The Central Coast is home to some of the most geographically diverse and popular beaches in California, and many of these beaches are only a short trip from the Cal Poly campus. Take a drive on the 101 and you’ll find gateways to Montaña De Oro State Park, Avila Beach, Shell Beach, Pismo State Beach and more.
Montaña De Oro State Park
The name is Spanish and means “Mountain of Gold” because, come spring time, it is blooming with yellow wildflowers. The 8,000-acre Montaña De Oro State Park offers a peaceful retreat for outdoor enthusiasts. The park has a wide geographic variety — from a eucalyptus grove to massive sand dunes to cliffs overhanging the ocean to large hills.
Wildlife is more prominent at Montaña De Oro than most other beaches because of the variety of ecology. Some wildlife that calls Montaña De Oro home are sea otters, sea lions, rattlesnakes and deer. Compared to other beach communities, the state park remains less disturbed by humans and is known as the locals’ secret where they can mountain bike, hike or camp.
Local Martin Sears said he enjoys the varied terrain for his sport.
“At Montaña De Oro, if I want to ride in a forest, I can ride in a forest,” Sears said. “If I want to be closer to the ocean, that’s possible too.”
On its hiking and biking trails, Montaña De Oro offers views of Morro Bay, including the bay itself and Morro Rock. Some trails take the hiker through the forested areas, while others lead to the sea caves and coves of the rugged coastline.
Located just minutes from the heart of San Luis Obispo, Avila Beach is a popular choice among college students. Golf courses, apple orchards, vineyards and hot springs can be seen on the drive to Avila. There are also spots to park to travel on the “Bob Jones Land-to-Sea” bike trail, a mountain biking trail that lives up to its name.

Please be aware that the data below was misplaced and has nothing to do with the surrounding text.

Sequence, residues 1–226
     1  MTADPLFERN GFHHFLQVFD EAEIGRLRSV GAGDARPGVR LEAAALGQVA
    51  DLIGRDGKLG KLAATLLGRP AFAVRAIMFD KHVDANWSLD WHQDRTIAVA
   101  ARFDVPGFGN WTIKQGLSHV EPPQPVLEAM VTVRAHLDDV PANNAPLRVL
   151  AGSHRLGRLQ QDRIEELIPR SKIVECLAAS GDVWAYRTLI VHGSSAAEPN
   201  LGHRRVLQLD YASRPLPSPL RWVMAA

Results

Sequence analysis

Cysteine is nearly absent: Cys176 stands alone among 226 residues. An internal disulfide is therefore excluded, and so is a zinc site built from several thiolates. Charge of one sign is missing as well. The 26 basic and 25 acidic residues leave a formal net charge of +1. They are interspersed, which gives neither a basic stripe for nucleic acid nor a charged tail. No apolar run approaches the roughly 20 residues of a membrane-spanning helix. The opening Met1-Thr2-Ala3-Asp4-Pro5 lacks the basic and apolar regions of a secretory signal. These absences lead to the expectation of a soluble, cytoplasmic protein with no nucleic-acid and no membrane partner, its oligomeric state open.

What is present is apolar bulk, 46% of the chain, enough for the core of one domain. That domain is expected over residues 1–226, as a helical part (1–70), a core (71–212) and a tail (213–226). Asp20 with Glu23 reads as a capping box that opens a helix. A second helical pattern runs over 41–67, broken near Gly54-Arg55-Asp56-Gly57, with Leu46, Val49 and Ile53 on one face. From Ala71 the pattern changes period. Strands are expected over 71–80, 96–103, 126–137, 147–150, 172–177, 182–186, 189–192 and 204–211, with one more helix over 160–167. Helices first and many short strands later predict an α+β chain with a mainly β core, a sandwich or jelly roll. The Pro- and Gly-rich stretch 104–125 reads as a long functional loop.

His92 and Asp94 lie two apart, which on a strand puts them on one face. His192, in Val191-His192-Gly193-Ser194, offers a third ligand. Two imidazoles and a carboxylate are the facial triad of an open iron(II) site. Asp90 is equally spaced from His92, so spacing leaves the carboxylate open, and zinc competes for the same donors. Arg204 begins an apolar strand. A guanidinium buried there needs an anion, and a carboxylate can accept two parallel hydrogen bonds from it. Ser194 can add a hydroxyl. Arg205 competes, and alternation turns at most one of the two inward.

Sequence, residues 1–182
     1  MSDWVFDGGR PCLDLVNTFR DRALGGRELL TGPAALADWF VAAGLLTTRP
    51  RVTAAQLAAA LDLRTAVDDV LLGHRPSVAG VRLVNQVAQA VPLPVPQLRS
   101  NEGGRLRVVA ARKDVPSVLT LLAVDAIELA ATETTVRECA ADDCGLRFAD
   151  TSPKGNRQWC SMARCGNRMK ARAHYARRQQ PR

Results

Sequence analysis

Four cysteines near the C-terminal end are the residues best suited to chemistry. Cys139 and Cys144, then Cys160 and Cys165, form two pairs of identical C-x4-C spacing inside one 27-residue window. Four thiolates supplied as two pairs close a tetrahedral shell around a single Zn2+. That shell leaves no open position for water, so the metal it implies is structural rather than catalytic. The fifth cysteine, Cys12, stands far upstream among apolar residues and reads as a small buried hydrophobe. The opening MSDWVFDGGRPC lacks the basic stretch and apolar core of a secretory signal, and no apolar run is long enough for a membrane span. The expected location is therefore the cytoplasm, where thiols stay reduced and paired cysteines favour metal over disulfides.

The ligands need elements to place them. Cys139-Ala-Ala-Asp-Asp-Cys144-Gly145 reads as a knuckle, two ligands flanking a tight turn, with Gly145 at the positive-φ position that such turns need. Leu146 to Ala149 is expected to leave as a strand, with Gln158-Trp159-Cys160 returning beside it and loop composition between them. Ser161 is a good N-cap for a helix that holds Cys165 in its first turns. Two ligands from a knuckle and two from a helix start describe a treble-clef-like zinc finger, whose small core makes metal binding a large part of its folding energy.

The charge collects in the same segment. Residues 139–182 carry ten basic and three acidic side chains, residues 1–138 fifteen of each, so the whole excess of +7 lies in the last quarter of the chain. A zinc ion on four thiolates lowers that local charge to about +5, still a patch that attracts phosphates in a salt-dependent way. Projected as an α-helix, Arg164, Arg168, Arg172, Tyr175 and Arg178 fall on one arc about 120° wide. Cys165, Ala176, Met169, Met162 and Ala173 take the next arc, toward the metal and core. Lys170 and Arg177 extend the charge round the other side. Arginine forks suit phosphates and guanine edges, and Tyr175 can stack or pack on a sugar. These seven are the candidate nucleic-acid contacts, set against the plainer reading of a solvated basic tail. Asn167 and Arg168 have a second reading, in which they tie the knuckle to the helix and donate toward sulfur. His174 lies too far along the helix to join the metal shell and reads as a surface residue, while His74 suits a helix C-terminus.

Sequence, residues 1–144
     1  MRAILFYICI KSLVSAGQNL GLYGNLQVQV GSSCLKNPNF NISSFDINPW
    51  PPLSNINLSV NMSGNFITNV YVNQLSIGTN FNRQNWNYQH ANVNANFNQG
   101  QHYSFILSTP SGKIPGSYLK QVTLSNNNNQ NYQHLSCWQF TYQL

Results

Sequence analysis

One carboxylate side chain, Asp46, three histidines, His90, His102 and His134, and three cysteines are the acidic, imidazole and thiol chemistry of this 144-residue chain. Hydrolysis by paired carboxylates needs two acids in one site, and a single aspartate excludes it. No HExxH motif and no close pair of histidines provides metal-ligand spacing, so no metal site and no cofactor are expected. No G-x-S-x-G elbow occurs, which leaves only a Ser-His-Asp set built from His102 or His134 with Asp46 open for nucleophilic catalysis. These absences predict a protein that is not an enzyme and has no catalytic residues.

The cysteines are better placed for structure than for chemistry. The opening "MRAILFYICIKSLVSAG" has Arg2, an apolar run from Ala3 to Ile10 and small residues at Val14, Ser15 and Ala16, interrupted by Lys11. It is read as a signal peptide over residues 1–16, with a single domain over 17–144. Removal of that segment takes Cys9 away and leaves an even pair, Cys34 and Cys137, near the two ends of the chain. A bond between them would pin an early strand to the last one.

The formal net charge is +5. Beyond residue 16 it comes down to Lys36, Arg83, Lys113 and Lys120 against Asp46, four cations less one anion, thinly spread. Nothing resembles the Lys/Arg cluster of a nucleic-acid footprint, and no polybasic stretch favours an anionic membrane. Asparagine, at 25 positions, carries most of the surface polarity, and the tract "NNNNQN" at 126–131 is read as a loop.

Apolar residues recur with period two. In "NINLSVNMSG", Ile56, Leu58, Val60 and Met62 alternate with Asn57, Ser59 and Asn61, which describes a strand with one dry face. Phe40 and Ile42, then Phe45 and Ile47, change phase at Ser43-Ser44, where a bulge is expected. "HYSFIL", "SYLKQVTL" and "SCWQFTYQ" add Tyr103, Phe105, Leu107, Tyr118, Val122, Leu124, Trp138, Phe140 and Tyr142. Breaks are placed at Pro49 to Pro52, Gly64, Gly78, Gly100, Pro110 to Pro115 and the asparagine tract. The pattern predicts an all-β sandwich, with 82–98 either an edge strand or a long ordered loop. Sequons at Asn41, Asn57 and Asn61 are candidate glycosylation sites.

Since Avila Beach is located in the San Luis Bay, temperatures can be up to 10 to 12 degrees warmer than other surrounding beaches. As a result, the water tends to be warmer and water activities are more popular.
At Avila, a beachgoer may kayak, snorkel and swim. Fishing is also popular and there are several piers with accommodations available for the fishing enthusiast.
Port San Luis, just past the main beach in Avila, is one of the only spots to offer free fire pits and barbecues at the end of the beach. The fire pits are first come, first serve, however, so it’s important to get there early. Cal Poly students frequently take advantage of these fire pits for bonfires, especially during Cal Poly’s Week of Welcome in late September.
There is a different atmosphere at Avila Beach during the evenings. Local James Sanders calls it a more “peaceful and quiet environment” than going downtown for drinks.
“I like to try to come out here every night in the summer because the beach has a different vibe at night,” Sanders said.
Not only does Avila Beach offer a vast array of beach activities, but it also has beachfront dining and shopping. The restaurants along the beach feature Italian food, seafood, American food such as delis, and coffee shops.
A few minutes south of Avila Beach lays the small and picturesque community of Shell Beach. As a part of the city of Pismo Beach, Shell Beach offers perfect launching areas for kayakers, small coves, steep bluffs and trails that overlook the Pacific Ocean. A pedestrian may take a path through the seaside neighborhoods of Shell Beach or choose to climb the hills along the highway that lead to caves above the thrashing ocean. The public walking trail is accessible on the corner of Shell Beach Road and El Portal Drive.
Vacationer and part-time local Lauralai Larue finds time away from camping at Pismo State Beach to stroll along the bluffs of Shell Beach.
“It’s so beautiful here and it’s always clear. I’ve never seen bad weather here,” Larue said. “The public walkway is easy for anyone to walk on it and see the amazing views.”
Some of the gems in and around Shell Beach include recreational parks, the notorious Pirate’s Cove and an arts and crafts fair called “Art in the Park.” The city parks include spots for wildlife viewing, barbecue pits and playgrounds for the younger crowd. Some wildlife that may be seen from Shell Beach are birds, pelicans, butterflies, seals, sea otters and whales.